Visual IVR: What you Need to Know

What is a Visual IVR?

A Visual IVR (Visual – Interactive Voice Response) system is an alternative to voice dtmf-based IVR in place in most contact centers/support departments, today. Since most people dial-in using a smart phone, callers can be provided with a visual interface with options that they can touch and select instead of making them listen to many options on the phone.

The same IVR menu which used to say, ‘Dial 1 for pre-paid, 2 for post-paid, 3 for 3G’, etc. will now appear on the smartphone screen. The user will go through the available options and select one. Based on their selection, they could be provided with more options or an action like call transfer to an agent.

How does a Visual IVR work?

A user calls the support/contact center phone number (regular land-line or 1800 nos – not VoIP). The customer is connected to the voice IVR and also receives an SMS on his phone with a link to the Visual IVR Interface. When clicked, Visual IVR opens in a browser.

Instead of continuing through voice, the customer can just click through the menu items on his screen to – select a self-service option, initiate a call back, or just speak to an agent. This is how Jacada, a popular Visual IVR provider, implements it. See the above embedded video to get a better idea.

Advantages of Visual IVR Systems:

  • Operating the touch screen of a Visual IVR system is much faster than listening to a voice IVR and pressing keys on a phone. Both forward and backward navigation from any menu is much easier.
  • Due to the increased speed, contact centers can offer more options and more levels without irritating callers. This helps route the call more appropriately – either to the right agent or to a more accurate self-service resource.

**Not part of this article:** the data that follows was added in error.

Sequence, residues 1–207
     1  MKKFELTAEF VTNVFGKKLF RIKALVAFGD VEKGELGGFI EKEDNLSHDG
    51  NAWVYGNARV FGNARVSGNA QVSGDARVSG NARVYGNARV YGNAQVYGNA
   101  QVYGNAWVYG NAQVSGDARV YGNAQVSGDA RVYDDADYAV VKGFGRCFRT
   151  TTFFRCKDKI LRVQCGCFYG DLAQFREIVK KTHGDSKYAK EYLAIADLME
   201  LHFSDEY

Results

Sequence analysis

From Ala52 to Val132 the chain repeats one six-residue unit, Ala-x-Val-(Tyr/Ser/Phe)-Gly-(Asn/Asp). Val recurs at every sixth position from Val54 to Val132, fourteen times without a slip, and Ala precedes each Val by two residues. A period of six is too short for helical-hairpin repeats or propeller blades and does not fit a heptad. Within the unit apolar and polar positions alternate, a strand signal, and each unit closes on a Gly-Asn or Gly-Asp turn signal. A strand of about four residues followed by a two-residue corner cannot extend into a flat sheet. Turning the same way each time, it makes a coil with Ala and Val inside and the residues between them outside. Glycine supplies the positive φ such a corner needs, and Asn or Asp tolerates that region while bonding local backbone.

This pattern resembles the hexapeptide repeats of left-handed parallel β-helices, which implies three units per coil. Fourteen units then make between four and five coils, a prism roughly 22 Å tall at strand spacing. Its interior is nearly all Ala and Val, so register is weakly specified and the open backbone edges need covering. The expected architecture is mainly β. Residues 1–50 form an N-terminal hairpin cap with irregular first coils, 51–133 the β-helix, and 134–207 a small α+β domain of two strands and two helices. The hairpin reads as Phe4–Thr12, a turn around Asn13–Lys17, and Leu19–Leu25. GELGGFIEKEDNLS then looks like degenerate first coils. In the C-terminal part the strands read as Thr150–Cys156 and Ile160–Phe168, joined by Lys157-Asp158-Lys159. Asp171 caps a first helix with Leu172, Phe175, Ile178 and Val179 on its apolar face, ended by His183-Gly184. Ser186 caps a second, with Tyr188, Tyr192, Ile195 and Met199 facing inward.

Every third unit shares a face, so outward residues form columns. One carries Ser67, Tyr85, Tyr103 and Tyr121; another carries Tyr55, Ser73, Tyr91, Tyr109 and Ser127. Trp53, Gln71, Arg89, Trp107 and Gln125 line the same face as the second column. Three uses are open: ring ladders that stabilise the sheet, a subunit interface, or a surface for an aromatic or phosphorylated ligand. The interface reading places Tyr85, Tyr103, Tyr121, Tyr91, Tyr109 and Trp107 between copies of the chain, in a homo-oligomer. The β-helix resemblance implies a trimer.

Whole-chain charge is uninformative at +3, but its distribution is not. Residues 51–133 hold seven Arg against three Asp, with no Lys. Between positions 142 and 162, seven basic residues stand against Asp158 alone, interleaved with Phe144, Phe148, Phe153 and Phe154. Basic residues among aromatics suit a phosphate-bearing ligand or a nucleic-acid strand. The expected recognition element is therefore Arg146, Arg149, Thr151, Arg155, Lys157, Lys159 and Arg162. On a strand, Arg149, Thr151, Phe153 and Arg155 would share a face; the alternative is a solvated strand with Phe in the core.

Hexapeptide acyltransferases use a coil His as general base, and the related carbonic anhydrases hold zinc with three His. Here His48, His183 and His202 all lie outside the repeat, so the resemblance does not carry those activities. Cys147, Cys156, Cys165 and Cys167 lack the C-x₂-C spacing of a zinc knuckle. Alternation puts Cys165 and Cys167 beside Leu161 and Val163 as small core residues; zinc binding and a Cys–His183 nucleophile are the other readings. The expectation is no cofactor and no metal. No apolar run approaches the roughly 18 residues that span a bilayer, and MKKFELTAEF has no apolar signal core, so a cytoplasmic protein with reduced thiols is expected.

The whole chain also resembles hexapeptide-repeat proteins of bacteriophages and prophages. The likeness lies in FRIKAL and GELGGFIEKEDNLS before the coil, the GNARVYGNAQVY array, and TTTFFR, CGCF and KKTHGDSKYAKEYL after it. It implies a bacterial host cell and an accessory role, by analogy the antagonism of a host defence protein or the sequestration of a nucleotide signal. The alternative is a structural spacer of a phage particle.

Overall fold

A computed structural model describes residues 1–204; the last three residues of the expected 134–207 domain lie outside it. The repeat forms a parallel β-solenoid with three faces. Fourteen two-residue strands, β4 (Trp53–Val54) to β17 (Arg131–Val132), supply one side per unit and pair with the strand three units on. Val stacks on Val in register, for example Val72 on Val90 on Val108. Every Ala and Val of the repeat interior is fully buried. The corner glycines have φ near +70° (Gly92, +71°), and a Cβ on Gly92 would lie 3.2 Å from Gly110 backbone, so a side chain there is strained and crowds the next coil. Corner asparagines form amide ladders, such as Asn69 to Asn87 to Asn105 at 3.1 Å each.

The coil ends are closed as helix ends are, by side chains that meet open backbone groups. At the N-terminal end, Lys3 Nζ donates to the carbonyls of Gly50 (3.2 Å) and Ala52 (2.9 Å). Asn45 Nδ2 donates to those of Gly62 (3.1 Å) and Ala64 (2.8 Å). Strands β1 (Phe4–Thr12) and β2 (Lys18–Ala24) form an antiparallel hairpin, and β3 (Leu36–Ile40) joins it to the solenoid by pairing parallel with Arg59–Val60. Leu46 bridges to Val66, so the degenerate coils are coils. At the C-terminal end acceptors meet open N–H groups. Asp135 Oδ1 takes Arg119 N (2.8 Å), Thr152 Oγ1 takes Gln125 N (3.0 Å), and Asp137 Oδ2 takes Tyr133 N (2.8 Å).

• Identity verification is easier and faster.
  • Companies can engage callers on the queue better by offering them files, videos or marketing messages. They can even display the time remaining and give them a call-back option.
  • Visual IVR systems can integrate with existing dtmf-based Voice IVRs and use the same Voice XML code.
  • It is easier to collect more information/feedback from the customer.
  • It is possible to integrate Visual IVR systems with an existing app or a website so that the customer can launch Visual IVR and interact with them in those channels.
  • Some Visual IVR solutions can be integrated with popular Contact Center software.

Limitations:

  • Visual IVR works only with landline numbers, not VoIP numbers.
  • It works only with smart phones and not the landline phones (analog and IP) found in many companies.
  • Additional data charges are applicable, especially if the customer receives multimedia-based self service options. Also, the caller needs an active data connection for Visual IVR to work.
  • This technology may not integrate with multiple support options like chat, web-forms, email, mobile app, etc., at least not natively.
  • The ability to co-browse a system along with the caller, for an agent to be able to directly help the customer is not available.
  • Some companies discourage customers from talking to agents by keeping the talk-to-an-agent option hidden or long-winded to reach. Maybe they prefer customers opting for other forms of support like email, etc. Or just not contact support at all! With Visual IVR, this maybe difficult to achieve 😉

excITingIP.com

You could stay up to date on Computer Networking & IT Technologies by subscribing to this blog with your email address in the sidebar box that says, ‘Get email updates when new articles are published’.




Comments are closed